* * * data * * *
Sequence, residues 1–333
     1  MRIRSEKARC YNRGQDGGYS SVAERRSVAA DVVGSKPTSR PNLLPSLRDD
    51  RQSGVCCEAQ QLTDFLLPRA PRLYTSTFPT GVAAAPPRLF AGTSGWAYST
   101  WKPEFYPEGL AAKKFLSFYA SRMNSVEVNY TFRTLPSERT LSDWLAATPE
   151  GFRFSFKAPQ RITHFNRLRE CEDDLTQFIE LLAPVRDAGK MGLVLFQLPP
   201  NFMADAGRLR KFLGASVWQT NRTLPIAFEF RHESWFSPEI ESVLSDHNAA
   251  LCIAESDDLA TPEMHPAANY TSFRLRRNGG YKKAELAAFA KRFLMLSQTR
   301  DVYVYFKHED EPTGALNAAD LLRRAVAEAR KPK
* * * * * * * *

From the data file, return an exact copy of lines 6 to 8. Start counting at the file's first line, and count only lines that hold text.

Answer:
   201  NFMADAGRLR KFLGASVWQT NRTLPIAFEF RHESWFSPEI ESVLSDHNAA
   251  LCIAESDDLA TPEMHPAANY TSFRLRRNGG YKKAELAAFA KRFLMLSQTR
   301  DVYVYFKHED EPTGALNAAD LLRRAVAEAR KPK